A Place in God’s History.

Therefore, since we are surrounded by so great a cloud of witnesses, let us also lay aside every weight, and sin which clings so closely, and let us run ywith endurance the race that is set before us, looking to Jesus, the founder and perfecter of our faith, who for the joy that was set before him endured the cross, despising the shame, and is seated at the right hand of the throne of God. (Hebrews 12:1-2)

We stand on the shoulders of giants. The phrase is often used by scientists paying homage to Sir Issac Newton, but it originally comes from the writings of Bernard of Chartes; a French theologian.

That the phrase comes from Christian thinking is not surprising. The Bible is clearly based on the idea that we stand as part of a long history of God’s revelation, not as the reult of a single act of God at one point in history. The Christian faith is beholden, not just to Paul, or Abraham, or Peter, or Moses, or David, but to God’s action through people moved of God throughout history. The Bible itself is a loooonnnng history of God’s working through humans to bring glory to himself. Indeed, the history of the church is a history of God working through fallible humans to continue the witness to the glory of God in Christ.

*begin tangent*: Note that I did not include Jesus in that list of fallible humans. Jesus is the God that acted and worked through all of them to bring Glory to God. When we say that all scripture speaks of Jesus then, we are not stating some esoteric idea of interpretation, but a simple fact of what the Bible is. Jesus is our model, as the passage states, but he is also our goal. It is to Him that we bring glory. *end tangent*.

As I sit here now, thinking on how Jesus saved me from sin, on how glorious God is, my thinking is shaped by those who brought my ancestors the Gospel. It’s also shaped by the many faithful believers, some known, most not, whose lives and witness worked to express to me the Gospel in its fullness. There are many who fought heresy, error, and even malicious lies, to make it possible for me to see those things when they come up again. In each case, they were working to make God’s glory known, looking to Jesus “who for the joy that was set before him” went through privations we can scarcely imagine to secure for us the eternal crown.

The reason I reflect on this is simple. A dear sister in the faith (and indeed one of those “cloud of witnesses” in my life) was telling me a story about how an ancestor of hers was closely tied to one of those evangelical schools that now shapes people in the faith that they might show even more the glory of God. I thought then of the many stories of ancestors and saints who worked, often not knowing by anything but the eyes of faith, whether their labours would be in vain. People who faced the many difficulties ahead of them and worked that God might be glorified.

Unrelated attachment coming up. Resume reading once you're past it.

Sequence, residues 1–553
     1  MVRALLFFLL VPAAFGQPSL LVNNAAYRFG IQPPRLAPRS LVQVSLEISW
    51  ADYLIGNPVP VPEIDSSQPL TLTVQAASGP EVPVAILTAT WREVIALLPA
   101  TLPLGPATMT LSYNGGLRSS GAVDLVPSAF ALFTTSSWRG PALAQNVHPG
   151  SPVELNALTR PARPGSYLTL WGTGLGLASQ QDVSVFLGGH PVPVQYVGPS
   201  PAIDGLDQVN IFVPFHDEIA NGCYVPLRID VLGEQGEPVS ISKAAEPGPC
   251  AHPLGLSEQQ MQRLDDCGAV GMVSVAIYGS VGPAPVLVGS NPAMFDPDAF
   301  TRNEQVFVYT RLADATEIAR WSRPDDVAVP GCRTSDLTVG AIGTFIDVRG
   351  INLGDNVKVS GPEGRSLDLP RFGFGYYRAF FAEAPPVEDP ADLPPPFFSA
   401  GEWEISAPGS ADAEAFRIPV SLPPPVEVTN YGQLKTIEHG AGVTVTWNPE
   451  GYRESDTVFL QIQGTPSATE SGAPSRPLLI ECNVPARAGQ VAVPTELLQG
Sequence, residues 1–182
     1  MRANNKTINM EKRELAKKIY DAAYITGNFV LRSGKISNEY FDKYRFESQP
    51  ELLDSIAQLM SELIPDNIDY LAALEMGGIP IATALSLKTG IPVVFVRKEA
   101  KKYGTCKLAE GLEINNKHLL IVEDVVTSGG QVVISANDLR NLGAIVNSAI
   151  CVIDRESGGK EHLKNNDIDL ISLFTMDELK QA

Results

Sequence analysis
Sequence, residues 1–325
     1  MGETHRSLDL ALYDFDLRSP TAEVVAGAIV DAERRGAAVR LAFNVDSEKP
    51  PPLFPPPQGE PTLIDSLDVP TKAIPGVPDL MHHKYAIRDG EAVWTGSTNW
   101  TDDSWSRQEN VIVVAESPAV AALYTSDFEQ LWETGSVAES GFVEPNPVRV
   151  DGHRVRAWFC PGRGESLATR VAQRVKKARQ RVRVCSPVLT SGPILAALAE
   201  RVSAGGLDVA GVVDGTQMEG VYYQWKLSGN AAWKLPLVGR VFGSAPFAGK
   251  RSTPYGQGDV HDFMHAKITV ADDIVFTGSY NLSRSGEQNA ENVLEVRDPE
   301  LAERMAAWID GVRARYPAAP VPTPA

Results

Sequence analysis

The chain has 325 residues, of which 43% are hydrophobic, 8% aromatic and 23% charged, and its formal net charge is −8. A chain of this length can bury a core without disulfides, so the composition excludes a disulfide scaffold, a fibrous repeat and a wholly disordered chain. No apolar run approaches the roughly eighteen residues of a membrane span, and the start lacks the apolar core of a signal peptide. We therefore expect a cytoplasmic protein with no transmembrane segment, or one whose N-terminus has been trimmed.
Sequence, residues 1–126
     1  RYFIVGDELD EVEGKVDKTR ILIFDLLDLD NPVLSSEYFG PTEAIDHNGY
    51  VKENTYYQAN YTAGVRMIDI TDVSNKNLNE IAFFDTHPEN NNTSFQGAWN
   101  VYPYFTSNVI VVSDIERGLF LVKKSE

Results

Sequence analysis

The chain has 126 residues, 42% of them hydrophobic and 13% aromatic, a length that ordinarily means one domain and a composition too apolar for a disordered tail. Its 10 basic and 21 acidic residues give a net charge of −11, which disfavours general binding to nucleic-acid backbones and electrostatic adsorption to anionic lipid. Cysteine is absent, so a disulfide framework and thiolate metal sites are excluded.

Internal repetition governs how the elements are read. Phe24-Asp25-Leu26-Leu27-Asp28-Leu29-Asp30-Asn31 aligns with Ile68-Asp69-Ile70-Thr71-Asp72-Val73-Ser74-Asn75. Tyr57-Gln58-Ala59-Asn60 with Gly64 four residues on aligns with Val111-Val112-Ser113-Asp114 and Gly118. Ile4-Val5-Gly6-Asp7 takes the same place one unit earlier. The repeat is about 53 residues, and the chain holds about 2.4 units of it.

I thought of the Bible studies that began the methodist movement, and the small group (the Clapham sect) that would serve as the death knell for the evil institution of slavery…. and I thought of the Bible study I attend.

I thought of the missionaries impaled on the shores of equador, not knowing that their deaths would mobilize thousands….. and then think of the calls to witness to the truth of Jesus here and abroad.

I thought of the major writers of theology that we now can read, and be edified by, often at peril to their own wellfare (and as in the case of the Pilgrims progress by John Bunyan, and the letters from prison by Bonhoeffer, written while under persecution)…. and then thought of the people around me who perhaps should be writing of the glorious truths of Christ, and what that means for how we live.

The point is simple, while we stand on the shoulders of giants, if God is gracious, and if we are found faithful, God can make us giants too. If we are willing to look to Jesus, who for the joy set before him did what he did, someday somebody who follows us will look at the computer you now type from, the apartment you now live in, the Church you now attend, and the Bible study you now journey with, and say thank you, Lord for compassing me about with such a cloud of witnesses as these. Indeed, God will be glorified in doing much through mere humans such as us.

All that stands between us joining that cloud of witnesses, is our ability to act for the joy set before us in Christ. The question is whether we will live and labor for perishable and ultimately meaningless crowns of institutional power, or riches, or worldly security, or whether we will labor for the lasting joy of the Lord, and in doing so, be grafted into the Church of our mothers and fathers in the faith.

We stand at the nexus between the cloud of witnesses that went before, and the children in the faith yet unborn. Will we be part of the legacy of God? That is a choice we must make. Dear readers, I pray that I will live for Christ.

My sisters, my brothers, let us also lay aside every weight, and sin which clings so closely, and let us run with endurance the race that is set before us, looking to Jesus, the founder and perfecter of our faith.

Author: Stephen Dawe

Steve is a part-time vocational elder Calvary Baptist Church, St. John's as well as a full-time student at Memorial University of Newfoundland, in the Religious Studies Department.